Most speakers look forward to the Q&A. It’s exciting when people show interest in your topic.
But if you don’t handle this segment well, your presentation can end on a weak note. Here are some challenges and how to handle them:
There aren’t any questions. You’ve generously saved ten minutes for questions, but there aren’t any. Instead of, “Do you have any questions?” ask, “What questions do you have about _______ or _________? This assumes that they have questions, and that now is the time to ask them.
Without bullying or begging, say, “A common question is _______. The answer is ______.” This will get the ball rolling.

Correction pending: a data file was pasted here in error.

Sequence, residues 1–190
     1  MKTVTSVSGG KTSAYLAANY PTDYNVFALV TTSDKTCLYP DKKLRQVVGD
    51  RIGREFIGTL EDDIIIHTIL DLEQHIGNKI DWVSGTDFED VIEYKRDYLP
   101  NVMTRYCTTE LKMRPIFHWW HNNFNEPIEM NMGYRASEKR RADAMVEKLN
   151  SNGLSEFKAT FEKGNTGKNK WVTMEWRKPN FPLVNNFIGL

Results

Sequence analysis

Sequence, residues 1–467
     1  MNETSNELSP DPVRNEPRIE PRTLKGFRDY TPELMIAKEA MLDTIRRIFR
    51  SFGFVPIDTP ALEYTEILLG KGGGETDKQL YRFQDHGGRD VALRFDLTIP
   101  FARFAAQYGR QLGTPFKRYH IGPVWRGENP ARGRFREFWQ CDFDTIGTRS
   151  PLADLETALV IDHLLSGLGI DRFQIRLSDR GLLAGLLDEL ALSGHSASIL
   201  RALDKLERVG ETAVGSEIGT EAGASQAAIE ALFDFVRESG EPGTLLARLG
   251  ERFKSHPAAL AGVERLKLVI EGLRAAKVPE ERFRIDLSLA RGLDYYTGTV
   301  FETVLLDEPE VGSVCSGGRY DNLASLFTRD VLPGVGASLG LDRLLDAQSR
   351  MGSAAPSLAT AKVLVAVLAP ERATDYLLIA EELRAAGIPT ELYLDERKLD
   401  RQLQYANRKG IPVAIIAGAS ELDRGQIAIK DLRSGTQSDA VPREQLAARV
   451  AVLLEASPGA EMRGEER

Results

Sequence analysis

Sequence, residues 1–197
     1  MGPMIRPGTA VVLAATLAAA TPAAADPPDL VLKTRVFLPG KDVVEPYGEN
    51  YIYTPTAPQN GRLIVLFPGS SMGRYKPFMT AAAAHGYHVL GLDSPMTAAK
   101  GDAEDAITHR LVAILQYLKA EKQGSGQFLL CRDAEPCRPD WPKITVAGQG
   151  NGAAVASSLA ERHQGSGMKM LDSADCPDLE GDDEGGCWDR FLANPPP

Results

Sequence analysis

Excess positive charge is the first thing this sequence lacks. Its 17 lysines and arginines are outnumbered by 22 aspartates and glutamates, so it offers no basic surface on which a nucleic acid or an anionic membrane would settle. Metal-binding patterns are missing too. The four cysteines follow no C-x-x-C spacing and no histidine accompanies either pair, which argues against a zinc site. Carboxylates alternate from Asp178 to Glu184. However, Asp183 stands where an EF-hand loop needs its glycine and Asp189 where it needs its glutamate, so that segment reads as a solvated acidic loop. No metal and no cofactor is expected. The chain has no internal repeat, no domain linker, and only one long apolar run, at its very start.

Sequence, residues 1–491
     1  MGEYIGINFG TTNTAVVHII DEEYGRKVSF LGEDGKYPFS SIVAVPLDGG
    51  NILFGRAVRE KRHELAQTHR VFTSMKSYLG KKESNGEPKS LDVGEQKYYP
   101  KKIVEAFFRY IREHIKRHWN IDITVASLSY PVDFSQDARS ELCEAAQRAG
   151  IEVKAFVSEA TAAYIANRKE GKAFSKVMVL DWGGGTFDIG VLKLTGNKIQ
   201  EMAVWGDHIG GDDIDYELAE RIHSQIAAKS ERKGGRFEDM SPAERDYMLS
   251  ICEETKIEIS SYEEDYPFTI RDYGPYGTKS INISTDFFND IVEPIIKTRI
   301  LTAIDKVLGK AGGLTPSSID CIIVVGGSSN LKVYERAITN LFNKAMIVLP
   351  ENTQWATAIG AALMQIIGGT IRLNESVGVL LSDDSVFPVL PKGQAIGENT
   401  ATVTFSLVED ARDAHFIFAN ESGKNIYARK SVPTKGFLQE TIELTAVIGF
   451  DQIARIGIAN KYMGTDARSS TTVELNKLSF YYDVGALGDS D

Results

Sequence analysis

What if you don’t know the answer? There are two ways to not know the answer: the wimpy way and the confident way. Instead of cringing and weakly admitting that you don’t know, be bold: “Now there’s something I don’t know. But I know where to get the answer. Leave your business card with me and I’ll get back to you within two days.”
A hostile question from the audience can be unnerving. But you should accept and appreciate a heckler. Here is the ideal attitude: This person is a helper disguised as a jerk.
Once a man in my audience rudely asked, “Why should we listen to you? What are your credentials?” What a great question! Though I didn’t love his tone of voice, inwardly I was excited. I got to talk about my work without appearing to brag.